Long before Colin Farrell, Colm Meaney and Jonathan Reese Myers, Dublin had irrevocable links to Hollywood, right back to its formative years. Its pretty much common knowledge now that the roaring lion in the clip at the start of MGM films, Cairbre, was born and reared in Dublin zoo. Less well known is the fact that the man responsible for his presence, Cedric Gibbons, was a Dubliner.
Disputed the fact may be, as little is known of his early life, but most reports say Gibbons was born in Dublin on March 23, 1893 into a wealthy family, with an architect father and a housewife mother. Conflicting reports say that he was born in Boston, but nonetheless, both sides of the story state that his parents were Dubliners. Gibbons was an architect and artist before joining the Edison Studios in 1915 as an art director. By 1918, he had moved on to working for producer, Sam Goldwyn, the “G” in “MGM” motion-picture studio, which formed in 1924.
His talent saw him work on approximately 150 films throughout his career, but arguably the most interesting thing about him is that he is credited with designing the first “Oscar” statuette in 1928. one of the original 36 founding members of The Academy of Motion Picture, Arts and Sciences, the model for the the original statuette was his future wife, actress Dolores Del Rio. He went on to win eleven Oscars himself, notably for his work on “Pride and Prejudice” (1940), “Little Women” (1949), and “An American in Paris” (1951.) In total throughout his career, he was nominated for thirty nine of the awards.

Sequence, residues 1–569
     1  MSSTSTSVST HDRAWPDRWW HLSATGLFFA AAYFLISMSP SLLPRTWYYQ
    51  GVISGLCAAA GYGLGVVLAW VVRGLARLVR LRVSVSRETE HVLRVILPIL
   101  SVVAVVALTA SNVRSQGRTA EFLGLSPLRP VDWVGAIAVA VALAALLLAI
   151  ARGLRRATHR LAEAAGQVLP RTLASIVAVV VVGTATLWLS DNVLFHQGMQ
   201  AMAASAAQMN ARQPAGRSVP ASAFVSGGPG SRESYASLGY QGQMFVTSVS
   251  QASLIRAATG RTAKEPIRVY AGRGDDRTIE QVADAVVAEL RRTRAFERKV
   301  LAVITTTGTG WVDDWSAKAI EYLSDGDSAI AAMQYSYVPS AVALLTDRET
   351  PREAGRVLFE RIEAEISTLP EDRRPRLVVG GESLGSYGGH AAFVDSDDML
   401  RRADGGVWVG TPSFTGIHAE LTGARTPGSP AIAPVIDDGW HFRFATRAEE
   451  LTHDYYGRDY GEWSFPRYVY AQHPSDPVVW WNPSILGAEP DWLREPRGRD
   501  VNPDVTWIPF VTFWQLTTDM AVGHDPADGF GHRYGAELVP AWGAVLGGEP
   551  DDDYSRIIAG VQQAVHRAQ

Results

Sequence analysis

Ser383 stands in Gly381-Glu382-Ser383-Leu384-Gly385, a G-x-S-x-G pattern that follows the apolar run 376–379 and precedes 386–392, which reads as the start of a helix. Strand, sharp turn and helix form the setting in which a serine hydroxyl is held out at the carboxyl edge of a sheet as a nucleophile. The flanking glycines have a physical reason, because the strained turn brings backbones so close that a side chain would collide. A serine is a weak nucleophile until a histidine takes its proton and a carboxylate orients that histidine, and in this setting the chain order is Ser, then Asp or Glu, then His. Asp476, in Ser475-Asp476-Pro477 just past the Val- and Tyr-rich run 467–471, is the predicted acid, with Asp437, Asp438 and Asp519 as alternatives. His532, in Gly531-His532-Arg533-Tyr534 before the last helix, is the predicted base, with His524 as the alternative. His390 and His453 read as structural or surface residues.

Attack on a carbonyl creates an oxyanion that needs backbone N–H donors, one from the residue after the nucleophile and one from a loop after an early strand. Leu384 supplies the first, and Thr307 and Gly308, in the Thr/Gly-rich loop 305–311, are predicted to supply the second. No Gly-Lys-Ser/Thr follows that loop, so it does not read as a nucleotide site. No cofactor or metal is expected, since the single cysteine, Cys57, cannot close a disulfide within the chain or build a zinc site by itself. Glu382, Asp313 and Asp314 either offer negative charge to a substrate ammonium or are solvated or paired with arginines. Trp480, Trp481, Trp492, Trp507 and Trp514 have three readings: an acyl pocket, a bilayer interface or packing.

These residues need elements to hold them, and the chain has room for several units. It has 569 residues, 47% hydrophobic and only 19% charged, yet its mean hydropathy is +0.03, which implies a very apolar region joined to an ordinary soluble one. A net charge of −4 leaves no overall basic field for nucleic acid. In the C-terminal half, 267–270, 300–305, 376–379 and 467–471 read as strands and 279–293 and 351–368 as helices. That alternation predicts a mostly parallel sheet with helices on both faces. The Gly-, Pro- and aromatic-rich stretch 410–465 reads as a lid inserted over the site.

I’ve searched the 1901 and 1911 census’ for an architect Gibbon’s in Dublin but couldn’t find any reference. An elusive character he may be, the presence of Cairbre in the MGM logo gives at least some credence to the story that one of Tinseltown’s most decorated art directors was a jackeen.